A major aftershock rocked northeast Japan on Thursday and a tsunami warning was issued for the coast devastated by last month's massive quake and tsunami that crippled a nuclear power plant.
The warning was later lifted and no tsunami were reported. No damage from the quake, measured at magnitude 7.4 by the Japan Meteorological Agency, was detected at the Fukushima Daiichi plant, operator Tokyo Electric Power Co (Tepco) said.
Workers struggling to bring the plant under control were evacuated soon after the aftershock struck, shortly before midnight.
Large parts of northern Japan, where infrastructure was severely damaged by the March 11 quake and tsunami, were without electricity following the latest of many aftershocks, the biggest since last month's killer quake.
Toru Hanai, a Reuters photographer in Oshu, Iwate prefecture, near the epicentre of Thursday's aftershock, said his hotel lost power and a water pipe burst.
"Everything fell. My room is a complete mess and power is widely out in this area," he said.
In the capital, Tokyo, buildings also shook.
"It started out as nothing much, then the building started swaying quite strongly," a Reuters witness said.
As of 01:30am (1630 GMT) seven people were reported injured, two of them seriously, a spokesman for the National Police Agency said.
Last month's huge 9.0 magnitude quake triggered tsunami waves which swept in along the coast, wiping out towns. About 28,000 people were killed or are missing.
The disaster also disrupted industry and affected supply chains around the world but it was not immediately clear if Thursday's aftershock would compound those problems.
At the Fukushima nuclear plant, Tepco said it was continuing to inject nitrogen into reactor No 1 after no irregularities were reported.
Engineers, who sealed a leak this week that had allowed highly radioactive water into the sea, are pumping nitrogen into one reactor to prevent the risk of a hydrogen gas
explosion, and want to start the process in another two reactors.
There were no abnormalities in radiation levels around Tohoku Electric's Onagawa nuclear power plant, where fuel rods are being cooled with just one outside power source, Japan's nuclear safety agency said.
As well as Fukushima Daiichi and Onagawa, nuclear power plants Higashidori in Aomori prefecture, Tokai No 2 in Ibaraki prefecture, and Fukushima Daini have been out of operation since the March quake.
No abnormalities were reported at those plants after Thursday's quake, which the meteorological agency said was an aftershock from last month's quake.
"Due to the (March 11 quake), the risk of landslides or buildings collapsing is higher than usual and there are possibilities of further damage with aftershocks," deputy chief cabinet secretary Tetsuro Fukuyama told reporters on Friday.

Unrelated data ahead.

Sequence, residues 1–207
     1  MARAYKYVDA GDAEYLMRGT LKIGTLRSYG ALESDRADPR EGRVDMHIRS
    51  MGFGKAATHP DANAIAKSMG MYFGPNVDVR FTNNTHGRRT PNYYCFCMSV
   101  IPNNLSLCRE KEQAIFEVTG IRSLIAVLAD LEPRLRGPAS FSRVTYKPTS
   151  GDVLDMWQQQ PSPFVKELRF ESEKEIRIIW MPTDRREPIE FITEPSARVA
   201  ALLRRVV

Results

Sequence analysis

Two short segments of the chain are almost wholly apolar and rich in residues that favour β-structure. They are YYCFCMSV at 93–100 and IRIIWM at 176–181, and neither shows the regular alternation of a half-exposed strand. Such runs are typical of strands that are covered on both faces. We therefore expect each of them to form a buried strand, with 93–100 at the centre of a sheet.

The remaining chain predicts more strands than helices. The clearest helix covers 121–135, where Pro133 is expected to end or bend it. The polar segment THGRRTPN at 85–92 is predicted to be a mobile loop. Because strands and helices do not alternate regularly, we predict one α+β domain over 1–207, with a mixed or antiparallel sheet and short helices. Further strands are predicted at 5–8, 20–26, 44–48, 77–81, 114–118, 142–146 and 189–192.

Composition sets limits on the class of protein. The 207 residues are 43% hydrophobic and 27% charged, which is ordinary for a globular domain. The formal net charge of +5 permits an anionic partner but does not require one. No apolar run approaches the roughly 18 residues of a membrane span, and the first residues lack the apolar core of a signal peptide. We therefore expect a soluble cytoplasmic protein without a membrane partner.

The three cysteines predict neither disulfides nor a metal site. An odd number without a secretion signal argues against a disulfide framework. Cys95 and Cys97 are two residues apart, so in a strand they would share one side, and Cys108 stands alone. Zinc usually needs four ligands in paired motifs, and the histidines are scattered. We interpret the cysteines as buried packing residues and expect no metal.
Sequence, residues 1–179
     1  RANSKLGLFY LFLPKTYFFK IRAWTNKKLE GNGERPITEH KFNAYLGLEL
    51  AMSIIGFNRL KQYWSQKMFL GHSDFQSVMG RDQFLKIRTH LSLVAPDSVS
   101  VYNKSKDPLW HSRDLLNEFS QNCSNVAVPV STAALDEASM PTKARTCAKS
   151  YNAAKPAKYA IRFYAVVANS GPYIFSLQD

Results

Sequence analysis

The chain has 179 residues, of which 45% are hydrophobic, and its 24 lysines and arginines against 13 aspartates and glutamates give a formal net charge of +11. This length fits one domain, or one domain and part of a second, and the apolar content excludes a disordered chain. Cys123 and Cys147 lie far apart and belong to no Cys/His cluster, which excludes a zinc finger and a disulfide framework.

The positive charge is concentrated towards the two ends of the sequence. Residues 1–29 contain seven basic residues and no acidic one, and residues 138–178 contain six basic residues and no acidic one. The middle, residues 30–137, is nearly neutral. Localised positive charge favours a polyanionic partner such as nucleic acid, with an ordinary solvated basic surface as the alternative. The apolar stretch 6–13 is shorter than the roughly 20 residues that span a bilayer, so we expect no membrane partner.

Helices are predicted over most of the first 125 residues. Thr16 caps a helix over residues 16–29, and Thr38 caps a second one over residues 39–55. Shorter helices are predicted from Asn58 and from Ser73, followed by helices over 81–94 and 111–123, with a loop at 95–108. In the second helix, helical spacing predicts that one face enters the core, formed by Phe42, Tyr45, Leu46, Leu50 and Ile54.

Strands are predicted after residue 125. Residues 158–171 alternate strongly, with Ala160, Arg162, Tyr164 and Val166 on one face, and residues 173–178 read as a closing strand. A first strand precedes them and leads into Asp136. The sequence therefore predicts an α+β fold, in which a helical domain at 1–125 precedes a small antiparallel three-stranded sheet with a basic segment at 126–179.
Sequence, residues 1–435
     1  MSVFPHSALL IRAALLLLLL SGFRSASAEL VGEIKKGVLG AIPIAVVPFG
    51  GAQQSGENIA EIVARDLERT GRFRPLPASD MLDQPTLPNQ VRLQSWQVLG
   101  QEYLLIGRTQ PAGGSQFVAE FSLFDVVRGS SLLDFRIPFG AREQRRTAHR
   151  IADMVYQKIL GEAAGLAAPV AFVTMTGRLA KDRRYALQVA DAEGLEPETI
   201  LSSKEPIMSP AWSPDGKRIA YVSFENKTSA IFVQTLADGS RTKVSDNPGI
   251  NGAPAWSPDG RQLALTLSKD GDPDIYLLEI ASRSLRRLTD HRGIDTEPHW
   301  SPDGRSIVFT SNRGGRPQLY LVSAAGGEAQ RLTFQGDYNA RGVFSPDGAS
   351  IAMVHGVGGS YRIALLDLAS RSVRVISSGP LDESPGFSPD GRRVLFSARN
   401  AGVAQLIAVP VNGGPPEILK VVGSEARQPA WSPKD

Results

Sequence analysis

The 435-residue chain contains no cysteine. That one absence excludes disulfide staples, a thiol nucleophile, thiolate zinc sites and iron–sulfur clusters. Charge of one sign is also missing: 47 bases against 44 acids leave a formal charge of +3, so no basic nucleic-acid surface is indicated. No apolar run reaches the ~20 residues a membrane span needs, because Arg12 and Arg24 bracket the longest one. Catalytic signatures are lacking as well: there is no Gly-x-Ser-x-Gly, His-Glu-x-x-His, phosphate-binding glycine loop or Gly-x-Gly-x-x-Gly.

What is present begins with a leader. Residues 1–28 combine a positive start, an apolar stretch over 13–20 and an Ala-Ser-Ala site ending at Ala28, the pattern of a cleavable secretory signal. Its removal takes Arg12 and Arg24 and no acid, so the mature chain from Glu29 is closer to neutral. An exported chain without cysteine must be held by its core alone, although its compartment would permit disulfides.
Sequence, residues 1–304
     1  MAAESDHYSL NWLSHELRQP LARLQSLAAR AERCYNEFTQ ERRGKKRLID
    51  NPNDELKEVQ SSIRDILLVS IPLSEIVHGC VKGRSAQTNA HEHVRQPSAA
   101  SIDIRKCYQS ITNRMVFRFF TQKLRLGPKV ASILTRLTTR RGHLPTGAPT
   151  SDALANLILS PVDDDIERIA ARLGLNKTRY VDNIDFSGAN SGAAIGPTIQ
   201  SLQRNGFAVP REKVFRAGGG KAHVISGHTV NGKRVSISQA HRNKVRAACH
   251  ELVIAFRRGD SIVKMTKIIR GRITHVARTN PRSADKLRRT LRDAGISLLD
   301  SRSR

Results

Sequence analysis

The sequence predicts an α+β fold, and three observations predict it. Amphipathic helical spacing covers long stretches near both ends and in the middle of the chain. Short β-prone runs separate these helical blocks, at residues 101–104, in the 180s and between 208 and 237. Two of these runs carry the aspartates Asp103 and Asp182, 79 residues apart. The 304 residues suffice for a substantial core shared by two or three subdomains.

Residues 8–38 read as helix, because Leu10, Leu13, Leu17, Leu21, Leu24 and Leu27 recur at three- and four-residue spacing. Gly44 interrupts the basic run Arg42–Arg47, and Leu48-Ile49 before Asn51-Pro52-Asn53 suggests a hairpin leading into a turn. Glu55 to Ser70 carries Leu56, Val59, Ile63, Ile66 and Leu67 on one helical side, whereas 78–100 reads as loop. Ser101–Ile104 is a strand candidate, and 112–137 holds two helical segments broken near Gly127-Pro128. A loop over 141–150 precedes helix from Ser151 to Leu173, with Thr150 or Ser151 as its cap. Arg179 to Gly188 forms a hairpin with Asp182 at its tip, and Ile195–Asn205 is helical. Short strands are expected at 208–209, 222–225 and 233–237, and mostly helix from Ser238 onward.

Japan's neighbours have sounded increasingly alarmed over the risk of radiation from the damaged plant 240 km (150 miles) north of Tokyo, while tourists are staying away in what should be the peak season, and the country seeks ways to cut power use.
The world's worst nuclear disaster in 25 years is also raising concern over safety in the United States, which has more atomic reactors than any other country, especially at one plant which is similar to the one in Fukushima wrecked by last month's 9.0 magnitude earthquake and tsunami.
Tepco said late on Thursday it did not expect it would have to dump any more contaminated water into the ocean after Saturday.
Earlier, Tepco said the chance of a repeat of the gas explosions that damaged two reactors in the first days of the disaster was "extremely small".
But as engineers battle multiple crises -- some the result of efforts to try to cool reactors -- officials admit it could take months to bring the reactors under control and years to clear up the toxic mess left behind.
"Data shows the reactors are in a stable condition, but we are not out of the woods yet," chief cabinet secretary Yukio Edano told reporters.
The government has already set up a 20 km (12 miles) exclusion zone around the plant, banned fishing along much of the northeast coast and set up evacuation centres for the tens of thousands forced to leave their homes following the crisis.
Trace levels of radioactive material have been detected in the air in 22 Chinese provinces but the amounts did not pose a threat to health or the environment, China's state news agency Xinhua said.
Earlier, China's health ministry said traces of radioactivity in spinach had been found in three provinces.
In South Korea, some schools closed because parents were worried that rain could be toxic.
"We've sent out an official communication today that schools should try to refrain from outdoor activities," an education official in South Korea said.
South Korea's nuclear safety agency reported a small level of radioactive iodine and caesium particles in rain but said it was not enough to be a health concern. The few schools that closed were expected to reopen on Friday if the rain stopped.
India said a blanket ban on food items imported from Japan was not warranted, though authorities would monitor the situation every week, a source in the trade ministry said.
India said on April 5 it had imposed a three-month ban on imports of food from Japan on fears that radiation from an earthquake-hit nuclear plant was spreading to other parts of the country.
($1=85.475 Japanese yen)